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Image from Virgil Abloh's Instagram account
Image from Virgil Abloh's Instagram account

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“Cheat codes” for creativity: Designer Virgil Abloh leaves behind a provocative legacy

The fashion world is mourning the passing of Virgil Abloh, the 41-year-old artistic director of Louis Vuitton's menswear collection, from cancer.

He leaves behind a formidable legacy. When he began his tenure at Louis Vuitton in 2018, Abloh – the son of Ghanaian immigrants who had made their new home in the United States – became the first black man to take on the artistic direction of that fashion brand, and only the third to lead a French luxury fashion house.

His distinctive way of mixing street culture with rarefied luxury catapulted him into the big leagues, and will continue to shape the fashion industry for many years to come.

Before Louis Vuitton, and even before his 2013 streetwear label Off-White, Abloh’s penchant for remixing styles was already making waves. In 2012, he started a line called Pyrex Vision. Under this label, he screenprinted Pyrex 23 onto flannel shirts made by Rugby (a line created by American label Ralph Lauren), and resold them as Pyrex Vision products. 

According to Complex, the original Rugby shirts retailed for US$$79.95. Abloh’s screenprinted creations were priced at US$550. The mark-up was astonishing; the only thing that was even more surprising, perhaps, was that the re-purposed shirts sold out in minutes.

“While the streetwear world has long played on the convention of flipping high-fashion imagery and re-contextualizing in a cultural cool context, Abloh and company's hustle consists of a different sort of swagger jacking,” Complex remarked in its report.

Speaking to the New Yorker in a 2019 feature, Abloh also called back to the creative impulses of streetwear when explaining his take on appropriation, adding the similar impulses of other streams of popular culture and modern art movements as additional sources of inspiration.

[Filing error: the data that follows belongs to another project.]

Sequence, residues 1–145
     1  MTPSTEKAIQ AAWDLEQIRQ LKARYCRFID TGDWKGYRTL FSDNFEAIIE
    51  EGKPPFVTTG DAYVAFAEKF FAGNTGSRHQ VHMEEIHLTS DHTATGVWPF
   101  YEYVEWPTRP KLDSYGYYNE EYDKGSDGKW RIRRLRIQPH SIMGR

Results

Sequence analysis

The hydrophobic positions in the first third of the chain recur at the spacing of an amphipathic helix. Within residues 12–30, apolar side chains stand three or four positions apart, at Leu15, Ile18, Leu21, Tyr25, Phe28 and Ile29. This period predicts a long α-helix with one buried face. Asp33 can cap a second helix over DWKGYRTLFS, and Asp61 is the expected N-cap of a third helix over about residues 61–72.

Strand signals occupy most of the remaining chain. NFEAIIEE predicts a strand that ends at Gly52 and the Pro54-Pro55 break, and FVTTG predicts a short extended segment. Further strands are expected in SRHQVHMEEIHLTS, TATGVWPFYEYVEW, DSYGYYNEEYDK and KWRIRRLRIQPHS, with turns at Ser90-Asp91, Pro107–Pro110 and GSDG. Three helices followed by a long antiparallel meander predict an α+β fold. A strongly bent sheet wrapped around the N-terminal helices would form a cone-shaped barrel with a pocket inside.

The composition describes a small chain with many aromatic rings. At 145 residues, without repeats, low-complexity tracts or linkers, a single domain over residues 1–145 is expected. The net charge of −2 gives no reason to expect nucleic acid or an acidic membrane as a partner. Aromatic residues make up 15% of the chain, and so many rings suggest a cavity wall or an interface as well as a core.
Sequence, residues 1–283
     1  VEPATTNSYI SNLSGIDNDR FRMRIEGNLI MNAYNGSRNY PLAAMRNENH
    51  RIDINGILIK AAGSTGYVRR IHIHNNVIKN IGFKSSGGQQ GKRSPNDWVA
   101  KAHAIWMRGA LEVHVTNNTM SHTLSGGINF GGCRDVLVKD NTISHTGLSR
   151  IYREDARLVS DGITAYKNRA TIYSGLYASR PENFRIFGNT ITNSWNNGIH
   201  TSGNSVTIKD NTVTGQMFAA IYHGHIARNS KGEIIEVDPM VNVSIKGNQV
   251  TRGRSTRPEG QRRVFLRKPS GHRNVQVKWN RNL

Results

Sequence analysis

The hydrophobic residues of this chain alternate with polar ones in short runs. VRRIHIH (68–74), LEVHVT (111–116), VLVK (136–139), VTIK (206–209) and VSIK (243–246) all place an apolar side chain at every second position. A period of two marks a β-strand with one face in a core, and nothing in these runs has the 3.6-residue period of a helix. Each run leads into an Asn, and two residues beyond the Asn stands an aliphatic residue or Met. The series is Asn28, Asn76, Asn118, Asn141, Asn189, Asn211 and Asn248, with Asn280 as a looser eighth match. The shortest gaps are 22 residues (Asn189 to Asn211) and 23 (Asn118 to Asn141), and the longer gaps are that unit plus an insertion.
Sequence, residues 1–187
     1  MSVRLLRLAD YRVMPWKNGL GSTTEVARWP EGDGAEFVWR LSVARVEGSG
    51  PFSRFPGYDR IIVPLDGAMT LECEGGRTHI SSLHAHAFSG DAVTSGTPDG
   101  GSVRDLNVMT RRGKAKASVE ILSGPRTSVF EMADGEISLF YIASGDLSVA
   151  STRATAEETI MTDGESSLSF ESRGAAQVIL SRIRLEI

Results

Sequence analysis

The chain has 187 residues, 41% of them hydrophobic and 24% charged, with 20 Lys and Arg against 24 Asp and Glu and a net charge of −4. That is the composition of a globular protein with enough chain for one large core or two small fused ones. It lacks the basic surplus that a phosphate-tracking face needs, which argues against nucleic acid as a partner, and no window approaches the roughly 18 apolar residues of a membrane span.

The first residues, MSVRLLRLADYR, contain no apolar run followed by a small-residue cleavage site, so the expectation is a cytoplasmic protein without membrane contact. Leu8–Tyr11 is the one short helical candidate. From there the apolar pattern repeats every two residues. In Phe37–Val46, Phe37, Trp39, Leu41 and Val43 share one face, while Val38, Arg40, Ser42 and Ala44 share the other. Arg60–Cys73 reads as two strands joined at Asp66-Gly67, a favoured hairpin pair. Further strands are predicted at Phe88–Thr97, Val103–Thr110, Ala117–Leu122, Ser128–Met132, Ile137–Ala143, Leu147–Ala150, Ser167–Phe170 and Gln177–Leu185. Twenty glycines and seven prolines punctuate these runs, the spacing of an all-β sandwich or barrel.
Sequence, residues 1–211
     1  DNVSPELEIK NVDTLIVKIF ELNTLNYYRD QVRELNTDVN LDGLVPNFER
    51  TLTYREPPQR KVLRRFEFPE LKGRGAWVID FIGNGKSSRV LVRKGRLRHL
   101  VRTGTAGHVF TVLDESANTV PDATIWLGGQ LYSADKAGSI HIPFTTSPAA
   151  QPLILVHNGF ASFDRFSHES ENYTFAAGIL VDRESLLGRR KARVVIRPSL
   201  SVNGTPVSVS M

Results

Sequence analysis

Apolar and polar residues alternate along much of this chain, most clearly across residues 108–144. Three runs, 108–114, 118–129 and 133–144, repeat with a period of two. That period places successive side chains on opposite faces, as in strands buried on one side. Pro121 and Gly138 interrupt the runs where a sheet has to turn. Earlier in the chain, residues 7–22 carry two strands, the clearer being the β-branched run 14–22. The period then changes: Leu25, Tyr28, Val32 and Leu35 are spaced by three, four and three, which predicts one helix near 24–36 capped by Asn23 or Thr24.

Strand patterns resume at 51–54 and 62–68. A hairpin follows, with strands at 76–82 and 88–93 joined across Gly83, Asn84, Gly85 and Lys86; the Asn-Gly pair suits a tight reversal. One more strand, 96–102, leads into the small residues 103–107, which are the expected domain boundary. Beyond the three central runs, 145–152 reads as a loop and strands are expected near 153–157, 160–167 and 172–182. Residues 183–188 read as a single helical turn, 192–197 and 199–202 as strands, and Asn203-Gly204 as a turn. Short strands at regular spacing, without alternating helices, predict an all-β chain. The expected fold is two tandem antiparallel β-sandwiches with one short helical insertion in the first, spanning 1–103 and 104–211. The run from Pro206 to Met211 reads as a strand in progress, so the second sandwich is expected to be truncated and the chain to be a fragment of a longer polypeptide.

“Streetwear in my mind is linked to Duchamp. It’s this idea of the readymade," he said. "It’s like hip-hop. It’s sampling. I take James Brown, I chop it up, I make a new song. I’m taking IKEA and I’m presenting it in my own way. It’s streetwear 10.0 — the logic that you can reference an object or reference a brand or reference something. It’s Warhol — Marilyn Monroe or Campbell’s soup cans.”

Indeed, his unabashed stance on creative borrowing was even the subject of a talk he gave at Harvard University in 2017. “I’m sure that you’re trying to challenge yourself to invent something new, trying to be avant-garde,” he told the audience then. “Basically, that’s impossible. These are things that I’ve figured out through working. As designers and artists we exist as a result of the many iterations before us, and we’re collectively trekking in the same direction.”

At the same event, he also spoke about his “three per cent approach” to editing. When invited to design his own version of the Air Force 1 sneaker for Nike, for instance, “I was interested in restraining myself and only editing it three per cent because I don’t want another shoe. I want to see something that makes me recognize the shoe I already have”, he said.

Abloh termed these methodologies his “cheat codes” for design, and they did not earn him universal admiration, especially as he ascended the rungs of power and influence in the fashion industry. Instagram account Diet Prada, for example, periodically noted the similarities between some of his work and those created by others with far less visibility.

Whether one thinks of his approach to creativity as inspired or problematic, there is no question that Abloh changed the fashion industry, and helped to open the door for more diverse creative input. His work also invites a re-assessment of the power plays between fringe and elite cultures. Here’s a question for future generations of designers, hypebeasts and high-society fashionistas to grapple with: if appropriation is a way for subcultures to comment on the status quo, is such appropriation still appropriate when it is undertaken by the shapers of the status quo?

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Mark Laudi

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